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Entrepreneur Office Hours - Issue #87
It's time to stop asking for other people's opinions
I know getting (and giving) advice is a core part of the entrepreneurial ecosystem. And I’m certainly not opposed to it. After all, I spend lots of time writing articles and newsletters filled with advice. But entrepreneurs have to be better about knowing when to solicit advice and what kinds of advice to listen to. At least, that’s the point I’m trying to make in this issue’s featured article. After all, a person’s advice is really just that person’s opinion, and opinions are inherently flawed (especially mine!).
Or rather, most of my opinions are flawed except for the following opinion, which is that Drupal is awesome!
What? You’ve never heard of Drupal? It’s the second most popular open source content management system for websites (after Wordpress), and it’s basically how I learned to code. I mention this because, in this week’s episode of Web Masters, I got to speak with the guy who invented Drupal: Dries Buytaert. Not gonna lie… it was kind of like speaking with a childhood hero. #Fanboy
On that note, I thought I’d take moment to ask all of you a question. To this point in my Web Masters journey, I’ve been mostly interviewing people I care about. But it’s a big Internet out there, and I’m certain it was built by lots of people I’ve never heard of or encountered. Who would you want to hear from?
Send your suggestions and I’ll see if I can get them on the podcast.
Getting other people’s opinions might seem like a good idea, but it’s probably not as helpful as you think.
You may or may not know what Drupal is, but, when you're using a website, there's a decent chance you're using it. It's one of the most popular open source content management platforms in the world. Find out how it got started on this episode of Web Masters featuring Dries Buytaert, Drupal's founder.
Listen now on:
…or search “Web Masters” wherever you listen to your favorite podcasts.
FROM THE ARCHIVES…
As an entrepreneur, you surely send lots of emails. But are you sending good emails? Here’s a list of common mistakes you’re probably making.
Office Hours Q&A
I’ve had an idea for a product for a few years, and I’m still surprised it doesn’t exist. I think I’m at a point in my career and life where I’m ready to take the entrepreneurial plunge myself, so to speak, so I’ve decided I’d like to create it.
I don’t have any product design experience, but I’ve found a few companies that are willing to help me design it and prototype it. I’m emailing you because I’m not sure how to choose the right one.
Obviously, cost is a factor. I’m surprised by how much more some companies charge than others. I’m wondering if there’s an actual quality difference in the results. I don’t want cost to be the only thing I base my decision on. I’m willing to pay more money now to ensure a better product.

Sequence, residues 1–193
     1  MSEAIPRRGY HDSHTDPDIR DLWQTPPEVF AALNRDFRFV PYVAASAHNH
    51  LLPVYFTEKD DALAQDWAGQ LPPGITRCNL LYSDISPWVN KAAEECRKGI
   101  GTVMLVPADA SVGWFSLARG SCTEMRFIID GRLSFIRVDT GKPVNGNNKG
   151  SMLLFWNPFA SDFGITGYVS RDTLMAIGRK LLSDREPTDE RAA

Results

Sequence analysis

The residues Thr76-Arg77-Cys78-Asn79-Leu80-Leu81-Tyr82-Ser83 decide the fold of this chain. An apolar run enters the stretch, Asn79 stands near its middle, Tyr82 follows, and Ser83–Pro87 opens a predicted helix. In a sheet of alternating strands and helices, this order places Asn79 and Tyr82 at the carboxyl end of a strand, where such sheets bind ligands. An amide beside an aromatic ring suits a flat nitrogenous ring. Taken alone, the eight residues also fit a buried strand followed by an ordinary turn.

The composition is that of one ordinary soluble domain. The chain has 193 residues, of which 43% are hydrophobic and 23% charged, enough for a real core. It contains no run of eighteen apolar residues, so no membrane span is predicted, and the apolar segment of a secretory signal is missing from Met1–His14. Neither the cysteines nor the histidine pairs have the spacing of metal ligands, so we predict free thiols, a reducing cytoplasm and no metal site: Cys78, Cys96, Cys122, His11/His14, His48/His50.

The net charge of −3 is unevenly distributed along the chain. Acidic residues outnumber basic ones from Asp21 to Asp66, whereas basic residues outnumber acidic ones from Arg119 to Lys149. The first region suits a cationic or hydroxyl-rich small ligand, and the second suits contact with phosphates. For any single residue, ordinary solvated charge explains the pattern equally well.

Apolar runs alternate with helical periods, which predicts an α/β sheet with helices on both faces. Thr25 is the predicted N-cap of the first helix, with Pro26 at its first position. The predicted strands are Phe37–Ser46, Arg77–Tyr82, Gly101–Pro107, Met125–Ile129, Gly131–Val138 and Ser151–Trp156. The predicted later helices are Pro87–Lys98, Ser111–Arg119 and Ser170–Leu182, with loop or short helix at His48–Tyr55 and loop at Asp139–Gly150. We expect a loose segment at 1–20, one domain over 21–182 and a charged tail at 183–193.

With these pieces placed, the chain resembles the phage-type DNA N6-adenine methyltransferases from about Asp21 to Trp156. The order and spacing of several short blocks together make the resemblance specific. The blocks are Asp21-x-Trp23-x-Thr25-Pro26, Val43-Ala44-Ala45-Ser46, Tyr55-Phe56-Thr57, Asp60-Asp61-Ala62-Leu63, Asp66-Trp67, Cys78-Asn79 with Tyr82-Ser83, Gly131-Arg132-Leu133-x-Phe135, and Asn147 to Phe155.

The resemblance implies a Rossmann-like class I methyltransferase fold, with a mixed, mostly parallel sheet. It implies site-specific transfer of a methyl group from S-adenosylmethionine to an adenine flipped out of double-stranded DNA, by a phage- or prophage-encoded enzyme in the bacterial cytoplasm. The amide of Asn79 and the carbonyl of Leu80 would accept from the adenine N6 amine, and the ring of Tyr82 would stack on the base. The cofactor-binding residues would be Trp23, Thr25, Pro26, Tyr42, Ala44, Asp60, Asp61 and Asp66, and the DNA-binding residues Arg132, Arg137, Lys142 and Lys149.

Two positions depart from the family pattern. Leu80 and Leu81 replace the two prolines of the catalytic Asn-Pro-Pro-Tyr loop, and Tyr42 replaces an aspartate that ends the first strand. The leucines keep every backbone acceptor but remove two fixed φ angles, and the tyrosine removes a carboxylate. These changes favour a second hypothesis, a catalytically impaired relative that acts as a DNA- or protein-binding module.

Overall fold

At the same time, I can’t figure out how to tell which of the design companies are better or worse. Do you have any advice for picking the right manufacturing partner in this kind of scenario?
I’m sure I don’t have any world-changing advice in terms of how to pick the best manufacturing partner. For starters, I’ve always been more of a “software guy,” so physical products are a bit outside my wheelhouse. Still, even in the software development world, we have outsourcing shops that, I’m guessing, are similar, and I’ve had to deal with a few of those.
When evaluating an outsourcing partner, I’d always ask for examples of previous work and references. If the company wouldn’t share the contact info for references, it was an immediate “no.”
From there, I’d do my diligence and call the references and ask for their experiences. It was a time consuming and somewhat annoying process, but, in the end, it was usually worth the effort.
I imagine the same process should work for you.
The bigger thing I want to address with your question is the phrase you’ve used at the beginning. Regarding your product idea, you write: “I’m still surprised it doesn’t exist.”
Whenever I encounter that phrase, it raises alarm bells for me. It leads to the follow-up question: “Why doesn’t it exist?”
When something doesn’t exist in the world, that’s not an accident. There’s a reason. Do you know the reason? Do you understand the reason? Are you confident you can overcome the reason?
Your question doesn’t have much detail about the work you’ve done to validate your didea, and I don’t want to assume you haven’t done any. However, before I’d encourage you to spend money on hiring anyone to help design and prototype something, I just want to make sure you’ve done your due diligence to validate the opportunity you think you’ve found.
Remember that whatever companies you’re talking with about helping you develop a prototype aren’t good sources of feedback on your idea. They get paid regardless of whether or not your idea succeeds, so it’s in their best interest to convince you to hire them, not help you figure out whether or not you have something worth developing.
Before you hire someone, be sure people in the world really want the thing you’re building and that you know how to reach those people in a cost-effective way. If you don’t, hiring a great manufacturing partner won’t matter.
Got startup questions of your own? Reply to this email with whatever you want to know, and I’ll do my best to answer!